Sunday, June 07, 2009

The mountains are everywhere in Korea. In a country where you can't swing a dead cat without hitting two public buses, six middle-aged women and a dozen middle school students eating meat-on-a-stick, the mountains are lush green oases of calm. There are a few here in Suwon and about a dozen in Seoul. None of them are especially big (between 2,000 and 3,000 feet), but they're a fantastic addition in a very crowded, urbanized country. Namsan is right there in centre of Seoul, as obtrusive as can be.

Hiking mountains is very popular in Korea, and even that's an understatement. When I was in Japan, I spotted a few Koreans by how they dressed: they were dressed to go hiking. Ordinary people back home dress like professional athletes by wearing jerseys and baseball caps. Koreans dress like they're going to go hiking even if they're just going about their daily business.

The outfit is very distinct: a meshy, polyester blend golf shirt, black pants, immaculate hiking boots, topped with a jacket unless it's hot, hot like over 30 degrees, in which case a vest will suffice. On top, you wear a hat and on your back you wear enough equipment to last about two weeks on the mountain. In one or both hands is a ski pole. If you hike by yourself or don't like to talk much, you can bring a radio that plays all the Korean songs you've never heard, largely music dating to the Korean War. So far, I'm halfway there in assembling this outfit.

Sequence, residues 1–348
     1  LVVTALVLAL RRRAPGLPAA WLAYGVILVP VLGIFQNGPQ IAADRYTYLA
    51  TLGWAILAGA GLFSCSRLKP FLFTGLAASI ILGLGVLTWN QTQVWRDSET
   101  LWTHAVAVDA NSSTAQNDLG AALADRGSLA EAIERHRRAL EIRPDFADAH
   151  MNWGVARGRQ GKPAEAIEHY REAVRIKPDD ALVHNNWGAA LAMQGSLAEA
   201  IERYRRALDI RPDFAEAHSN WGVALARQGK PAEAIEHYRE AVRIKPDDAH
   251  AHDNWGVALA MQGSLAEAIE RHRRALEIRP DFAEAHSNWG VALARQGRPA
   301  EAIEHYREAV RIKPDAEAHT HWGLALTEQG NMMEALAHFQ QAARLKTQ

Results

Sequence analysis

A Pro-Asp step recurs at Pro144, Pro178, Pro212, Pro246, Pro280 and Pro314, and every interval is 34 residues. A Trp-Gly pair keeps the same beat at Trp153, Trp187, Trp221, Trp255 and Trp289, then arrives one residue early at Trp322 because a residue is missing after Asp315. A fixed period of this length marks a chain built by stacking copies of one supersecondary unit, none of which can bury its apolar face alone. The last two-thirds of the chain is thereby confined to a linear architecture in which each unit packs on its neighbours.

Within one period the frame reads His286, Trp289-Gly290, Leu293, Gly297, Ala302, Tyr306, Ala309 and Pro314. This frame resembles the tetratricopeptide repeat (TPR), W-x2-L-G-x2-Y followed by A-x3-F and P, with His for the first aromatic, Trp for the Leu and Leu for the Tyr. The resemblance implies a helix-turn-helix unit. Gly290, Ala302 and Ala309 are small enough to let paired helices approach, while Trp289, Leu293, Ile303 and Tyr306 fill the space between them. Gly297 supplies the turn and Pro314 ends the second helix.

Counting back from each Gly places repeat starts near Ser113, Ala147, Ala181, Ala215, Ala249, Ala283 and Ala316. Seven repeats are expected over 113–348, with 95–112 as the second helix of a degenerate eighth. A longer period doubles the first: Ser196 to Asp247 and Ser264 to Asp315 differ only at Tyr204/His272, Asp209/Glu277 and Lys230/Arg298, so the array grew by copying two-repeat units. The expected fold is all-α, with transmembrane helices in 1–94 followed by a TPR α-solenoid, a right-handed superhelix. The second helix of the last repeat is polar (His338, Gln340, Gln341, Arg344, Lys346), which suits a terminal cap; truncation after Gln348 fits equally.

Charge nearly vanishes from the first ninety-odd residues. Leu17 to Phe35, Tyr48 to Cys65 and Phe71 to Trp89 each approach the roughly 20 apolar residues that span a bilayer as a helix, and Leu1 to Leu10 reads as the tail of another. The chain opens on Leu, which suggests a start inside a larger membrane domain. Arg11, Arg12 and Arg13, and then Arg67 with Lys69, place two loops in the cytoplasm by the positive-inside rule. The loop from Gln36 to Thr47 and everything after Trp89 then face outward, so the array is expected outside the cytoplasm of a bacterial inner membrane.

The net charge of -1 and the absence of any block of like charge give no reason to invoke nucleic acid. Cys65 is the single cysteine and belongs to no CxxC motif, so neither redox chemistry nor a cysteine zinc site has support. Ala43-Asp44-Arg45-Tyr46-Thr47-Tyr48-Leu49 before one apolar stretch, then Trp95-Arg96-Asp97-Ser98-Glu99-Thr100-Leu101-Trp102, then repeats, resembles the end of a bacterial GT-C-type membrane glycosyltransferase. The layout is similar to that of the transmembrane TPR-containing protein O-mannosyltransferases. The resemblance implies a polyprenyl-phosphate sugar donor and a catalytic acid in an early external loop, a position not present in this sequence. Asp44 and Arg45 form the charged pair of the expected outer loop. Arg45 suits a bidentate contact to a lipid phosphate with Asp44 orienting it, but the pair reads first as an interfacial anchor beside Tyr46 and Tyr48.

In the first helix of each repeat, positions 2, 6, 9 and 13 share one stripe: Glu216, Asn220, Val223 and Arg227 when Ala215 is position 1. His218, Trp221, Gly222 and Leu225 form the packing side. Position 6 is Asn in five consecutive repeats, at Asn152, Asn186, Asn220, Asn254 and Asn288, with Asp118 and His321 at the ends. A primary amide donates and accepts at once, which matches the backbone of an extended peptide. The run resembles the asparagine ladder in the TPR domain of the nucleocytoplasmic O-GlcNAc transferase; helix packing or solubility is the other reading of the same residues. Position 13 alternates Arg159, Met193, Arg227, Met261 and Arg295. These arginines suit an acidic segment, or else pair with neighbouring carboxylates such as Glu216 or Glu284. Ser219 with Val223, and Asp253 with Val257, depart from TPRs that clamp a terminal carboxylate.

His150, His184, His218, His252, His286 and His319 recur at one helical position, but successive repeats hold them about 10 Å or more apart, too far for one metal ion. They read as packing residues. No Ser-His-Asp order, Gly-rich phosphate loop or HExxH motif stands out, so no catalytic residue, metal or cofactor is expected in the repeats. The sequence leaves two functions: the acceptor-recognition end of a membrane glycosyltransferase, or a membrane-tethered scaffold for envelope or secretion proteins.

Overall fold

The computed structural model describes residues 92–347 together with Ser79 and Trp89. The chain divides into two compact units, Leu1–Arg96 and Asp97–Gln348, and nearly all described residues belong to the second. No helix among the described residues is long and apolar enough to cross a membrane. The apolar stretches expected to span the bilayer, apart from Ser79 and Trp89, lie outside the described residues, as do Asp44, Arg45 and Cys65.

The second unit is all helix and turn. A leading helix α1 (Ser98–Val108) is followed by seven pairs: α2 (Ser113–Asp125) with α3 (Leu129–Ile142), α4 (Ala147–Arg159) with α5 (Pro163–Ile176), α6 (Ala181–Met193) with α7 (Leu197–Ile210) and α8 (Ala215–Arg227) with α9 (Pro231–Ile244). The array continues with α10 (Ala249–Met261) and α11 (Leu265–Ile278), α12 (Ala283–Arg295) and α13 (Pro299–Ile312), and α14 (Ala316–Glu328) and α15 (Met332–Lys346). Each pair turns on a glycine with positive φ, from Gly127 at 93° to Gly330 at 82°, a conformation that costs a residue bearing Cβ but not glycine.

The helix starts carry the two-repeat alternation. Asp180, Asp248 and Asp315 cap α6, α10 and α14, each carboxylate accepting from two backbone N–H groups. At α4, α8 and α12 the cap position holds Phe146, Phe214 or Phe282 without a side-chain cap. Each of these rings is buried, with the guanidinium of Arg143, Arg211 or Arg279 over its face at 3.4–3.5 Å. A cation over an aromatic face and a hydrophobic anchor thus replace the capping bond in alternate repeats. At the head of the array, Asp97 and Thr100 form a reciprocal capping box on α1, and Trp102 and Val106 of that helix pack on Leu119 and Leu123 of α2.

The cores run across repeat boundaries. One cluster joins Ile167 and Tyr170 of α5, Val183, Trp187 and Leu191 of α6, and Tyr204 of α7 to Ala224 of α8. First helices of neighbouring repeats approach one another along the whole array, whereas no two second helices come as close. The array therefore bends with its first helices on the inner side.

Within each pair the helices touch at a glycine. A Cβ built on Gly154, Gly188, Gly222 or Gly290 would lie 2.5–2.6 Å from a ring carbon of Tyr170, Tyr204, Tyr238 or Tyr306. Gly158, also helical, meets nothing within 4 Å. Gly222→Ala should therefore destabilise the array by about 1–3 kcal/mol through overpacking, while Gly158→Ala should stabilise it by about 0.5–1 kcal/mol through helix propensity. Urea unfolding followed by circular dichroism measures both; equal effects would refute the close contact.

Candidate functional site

Once you get to a mountain, you realize that they're lush and beautiful, but not really oases of calm. In fact, mountains are really like any other place in Korea, most of all like a subway exit. There's a neverending procession of people going up and down, all of them dressed the same, which is to say that they're dressed better than you.

At the summit, it's common to drink beer, smoke a cigarette, drink coffee and generally eat the foods least suited to the occasion. I thought strawberry-flavoured milk in 30-degree temperatures was a good choice. The largely middle-aged crowd then engages in good-natured banter and grunts at you to get out of their way or, if you're not being obstructive, laugh and give you a thumbs up while bellowing "OKAY!"

What's humbling is that whether you're climbing up a well-maintained trail or facing death on a cliff, you're not going to do it nearly as well as a 70-year-old woman carrying her weight in supplies. I once climbed two mountains in one day and felt reasonably proud of myself for hauling myself up steep cliff after steep cliff to reach the impossibly distant summit (the tower in the picture), only to find out that my friend's father climbed the two mountains twice as fast, and he was twice as old.

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